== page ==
The Common Good

Cutting Food Stamp Program Should Be Unimaginable

Date: September 30, 2013

The bill would prohibit the U.S. Department of Agriculture from advertising SNAP in the media and limit other forms of outreach. The argument is that we don’t need more freeloaders. But the fact is that millions of food-insecure Americans who are eligible for the program, who want a hand up and not a hand out, don’t know about it. They skip meals or eat less. The fact is that 50 percent of Americans are one paycheck away from sitting at that same table.

Under the proposed plan, Indiana would lose $98 million in benefits from November through September of next year. This would affect 925,000 Hoosiers, 14 percent of our state’s population. It should be unimaginable, but it is not.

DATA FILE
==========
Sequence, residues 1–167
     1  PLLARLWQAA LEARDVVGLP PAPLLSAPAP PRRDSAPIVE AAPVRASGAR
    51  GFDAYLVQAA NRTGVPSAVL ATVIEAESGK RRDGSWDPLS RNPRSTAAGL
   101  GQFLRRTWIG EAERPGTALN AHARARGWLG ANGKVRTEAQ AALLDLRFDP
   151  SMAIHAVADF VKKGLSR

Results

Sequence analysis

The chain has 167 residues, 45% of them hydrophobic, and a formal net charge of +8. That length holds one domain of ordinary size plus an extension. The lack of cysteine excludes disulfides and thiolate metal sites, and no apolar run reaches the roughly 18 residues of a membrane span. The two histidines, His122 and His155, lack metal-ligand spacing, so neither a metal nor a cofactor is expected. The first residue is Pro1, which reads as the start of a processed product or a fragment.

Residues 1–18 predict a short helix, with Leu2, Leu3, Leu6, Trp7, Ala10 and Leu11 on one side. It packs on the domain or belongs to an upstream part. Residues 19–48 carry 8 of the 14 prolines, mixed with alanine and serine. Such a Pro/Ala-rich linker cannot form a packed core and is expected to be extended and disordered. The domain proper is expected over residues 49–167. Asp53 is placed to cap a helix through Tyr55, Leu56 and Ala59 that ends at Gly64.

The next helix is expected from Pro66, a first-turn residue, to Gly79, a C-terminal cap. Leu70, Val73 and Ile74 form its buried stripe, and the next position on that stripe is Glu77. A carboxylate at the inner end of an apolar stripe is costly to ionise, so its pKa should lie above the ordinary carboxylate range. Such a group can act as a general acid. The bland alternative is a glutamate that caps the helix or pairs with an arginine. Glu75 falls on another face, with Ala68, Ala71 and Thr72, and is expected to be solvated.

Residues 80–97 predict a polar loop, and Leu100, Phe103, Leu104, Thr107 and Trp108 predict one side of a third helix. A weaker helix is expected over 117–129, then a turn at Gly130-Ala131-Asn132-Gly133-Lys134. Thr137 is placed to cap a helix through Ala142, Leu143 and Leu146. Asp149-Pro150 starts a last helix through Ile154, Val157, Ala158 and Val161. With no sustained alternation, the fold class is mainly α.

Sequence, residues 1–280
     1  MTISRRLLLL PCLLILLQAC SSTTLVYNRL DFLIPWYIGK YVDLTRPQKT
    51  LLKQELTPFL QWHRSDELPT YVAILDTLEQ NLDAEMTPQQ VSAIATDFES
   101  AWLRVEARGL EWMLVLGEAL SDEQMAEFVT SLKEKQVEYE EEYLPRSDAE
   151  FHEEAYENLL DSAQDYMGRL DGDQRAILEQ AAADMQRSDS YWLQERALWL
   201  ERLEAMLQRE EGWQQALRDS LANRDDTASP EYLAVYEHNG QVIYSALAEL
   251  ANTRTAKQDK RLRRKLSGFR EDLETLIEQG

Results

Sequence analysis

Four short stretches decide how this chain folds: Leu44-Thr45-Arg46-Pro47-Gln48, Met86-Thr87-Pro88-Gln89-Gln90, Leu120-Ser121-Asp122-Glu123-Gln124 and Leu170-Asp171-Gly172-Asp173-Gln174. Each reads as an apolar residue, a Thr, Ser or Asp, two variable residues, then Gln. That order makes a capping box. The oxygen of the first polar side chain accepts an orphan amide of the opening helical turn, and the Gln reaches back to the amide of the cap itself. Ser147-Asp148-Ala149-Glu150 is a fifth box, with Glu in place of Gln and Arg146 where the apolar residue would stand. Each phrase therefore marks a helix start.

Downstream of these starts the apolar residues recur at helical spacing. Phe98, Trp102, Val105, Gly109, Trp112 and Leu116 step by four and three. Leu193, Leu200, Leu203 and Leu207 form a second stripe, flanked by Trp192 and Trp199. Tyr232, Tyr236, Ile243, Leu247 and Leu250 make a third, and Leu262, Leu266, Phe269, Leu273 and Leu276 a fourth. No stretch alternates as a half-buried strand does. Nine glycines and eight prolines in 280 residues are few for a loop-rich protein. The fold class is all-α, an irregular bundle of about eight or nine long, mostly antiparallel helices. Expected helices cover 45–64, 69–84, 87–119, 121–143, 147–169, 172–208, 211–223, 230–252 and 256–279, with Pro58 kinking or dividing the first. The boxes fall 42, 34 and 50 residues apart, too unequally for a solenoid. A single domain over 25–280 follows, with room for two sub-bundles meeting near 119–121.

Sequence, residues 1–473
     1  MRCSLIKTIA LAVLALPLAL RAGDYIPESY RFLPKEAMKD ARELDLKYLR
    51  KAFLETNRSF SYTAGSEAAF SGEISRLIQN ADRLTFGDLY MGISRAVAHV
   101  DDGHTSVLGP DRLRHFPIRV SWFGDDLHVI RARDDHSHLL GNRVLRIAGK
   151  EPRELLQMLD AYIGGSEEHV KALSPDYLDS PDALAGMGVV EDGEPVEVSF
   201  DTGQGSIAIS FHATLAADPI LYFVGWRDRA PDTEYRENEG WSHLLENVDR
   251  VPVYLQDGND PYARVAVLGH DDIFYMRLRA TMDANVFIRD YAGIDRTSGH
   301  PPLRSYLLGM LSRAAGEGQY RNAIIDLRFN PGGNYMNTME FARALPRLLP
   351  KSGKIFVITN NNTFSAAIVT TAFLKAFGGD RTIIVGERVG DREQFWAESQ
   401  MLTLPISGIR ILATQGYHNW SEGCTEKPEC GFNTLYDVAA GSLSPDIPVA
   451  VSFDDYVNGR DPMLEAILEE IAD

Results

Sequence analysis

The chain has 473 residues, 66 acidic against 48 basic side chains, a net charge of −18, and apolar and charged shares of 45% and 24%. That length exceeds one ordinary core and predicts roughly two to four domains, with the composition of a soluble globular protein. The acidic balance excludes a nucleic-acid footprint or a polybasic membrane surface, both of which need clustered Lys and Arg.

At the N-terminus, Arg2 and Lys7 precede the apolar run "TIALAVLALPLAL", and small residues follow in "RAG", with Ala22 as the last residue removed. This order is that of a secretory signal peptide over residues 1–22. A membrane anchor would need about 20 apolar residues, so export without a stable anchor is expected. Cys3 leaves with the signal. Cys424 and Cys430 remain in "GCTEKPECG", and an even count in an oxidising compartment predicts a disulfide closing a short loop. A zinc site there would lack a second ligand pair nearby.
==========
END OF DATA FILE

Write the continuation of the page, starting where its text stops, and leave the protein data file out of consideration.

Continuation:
The increase in SNAP recipients is due to high unemployment, not system abuse. As David Sklar, director of Government Affair of the Jewish Community Relations Council noted, “Wall Street may have recovered but Main Street has not.”

Some believe that feeding the hungry is the job of churches and synagogues, not of government. Many congregations do what they can, through food pantries, feeding programs and financial contributions, but Jim Wallis of Sojourner reminds us that every house of worship would have to raise $50,000 a year to provide enough meals if we lost just $20 billion in SNAP benefits. The capacity does not exist.

Put aside the astronomical numbers for a moment. Just picture the face of a hungry 6-year-old girl refusing to eat a peanut butter and jelly sandwich in order to help feed her family. It should be unimaginable, but it isn’t.